As I was going through old email files the other day, I uncovered this bit (immediately below) that I had written as part of a conversation about computers, children and education. Interestingly, the first sentence resembles an idea currently expressed by some, that in about a hundred years, give or take a few, people will be abandoning bodies to upload their consciousness directly into Cyberspace. I do believe, although I have watched only part of it, that the movie The Matrix also incorporates this idea.
Here is the excerpt:
It is rather scary to think that one day everyone will exist in virtual reality, divorced from the Earth itself, from knowledge of how to relate to people, and without any need to calculate, write, spell or speak – because the computer can take care of everything. Yes, a computer is a powerful tool. However, even if you are a rich girl with a mansion and servants, it is wise to be able to do the things the servants are doing for you. Then, at least, your existence is not dependent on the continued willingness of the servants to take care of you. I think we do our children a distinct disservice by allowing their lives to be swallowed by machines. Yes, they need to know how to use the machines; they also need to know the things people knew before machines disempowered them under the aegis of making them more powerful (another illusion). If we really want to serve our kids, we will see to it that they can actually do the math, not just tell a computer to do it, that they can speak and write well – vocabulary and grammar – and that they have been fully exposed to the classics of the philosophers, scientists and humanists of several cultures. We will do that even if it means Saturday school. We will also see that they have at least two weeks during the summer away from devices and connected to the earth – summer camps, gardening, survival courses or orienteering, or the like. This in connection with other people, who will also not have devices. At least twice a month we will make sure to do an outing on a smaller scale, with the same purpose. This should be a minimum for our kids, if we do not want to lose them to machines. They, too need to have a foot in each world. The Native Americans, most of them, are aware of what I am talking about. Some of them have managed to keep a foot in each world, and they are richer for it.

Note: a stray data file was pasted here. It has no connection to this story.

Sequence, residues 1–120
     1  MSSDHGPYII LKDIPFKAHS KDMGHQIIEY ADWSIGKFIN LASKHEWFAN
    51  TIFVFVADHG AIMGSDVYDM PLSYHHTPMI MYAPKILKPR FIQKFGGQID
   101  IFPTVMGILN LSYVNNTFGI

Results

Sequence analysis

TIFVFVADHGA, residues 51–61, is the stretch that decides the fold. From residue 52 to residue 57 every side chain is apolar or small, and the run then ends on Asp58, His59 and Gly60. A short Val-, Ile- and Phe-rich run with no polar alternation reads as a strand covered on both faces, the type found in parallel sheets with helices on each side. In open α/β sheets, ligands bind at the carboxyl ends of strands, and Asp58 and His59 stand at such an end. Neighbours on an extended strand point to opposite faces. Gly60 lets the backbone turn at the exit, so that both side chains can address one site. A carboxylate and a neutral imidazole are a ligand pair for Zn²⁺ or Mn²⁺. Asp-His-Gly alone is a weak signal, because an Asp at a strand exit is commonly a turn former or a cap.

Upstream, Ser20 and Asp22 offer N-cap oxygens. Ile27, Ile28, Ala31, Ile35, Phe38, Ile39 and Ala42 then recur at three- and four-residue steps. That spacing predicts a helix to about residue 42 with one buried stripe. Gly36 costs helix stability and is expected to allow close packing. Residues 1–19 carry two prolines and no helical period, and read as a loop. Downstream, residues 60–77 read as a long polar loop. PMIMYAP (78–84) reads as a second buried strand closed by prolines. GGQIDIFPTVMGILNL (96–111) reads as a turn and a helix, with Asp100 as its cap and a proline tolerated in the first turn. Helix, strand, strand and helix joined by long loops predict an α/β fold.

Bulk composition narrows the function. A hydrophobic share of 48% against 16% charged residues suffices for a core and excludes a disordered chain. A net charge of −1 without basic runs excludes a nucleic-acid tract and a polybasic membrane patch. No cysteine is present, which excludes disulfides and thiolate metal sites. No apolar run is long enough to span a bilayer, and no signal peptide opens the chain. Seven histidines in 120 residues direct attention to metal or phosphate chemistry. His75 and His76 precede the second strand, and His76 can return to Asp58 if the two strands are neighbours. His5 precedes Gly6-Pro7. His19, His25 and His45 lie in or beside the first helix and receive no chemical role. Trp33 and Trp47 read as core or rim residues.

There is an old story about a village that hired a flute player (piper) to drive away rats from their village with his magic flute. When he had finished luring the rats out of the village into the sea, the villagers decided that they were not willing after all to pay his fee. The piper then played another tune, luring the village’s enraptured children into a mountain, from which they did not return. The analogy here is the enchanted flute and the addictive road into Cyberspace.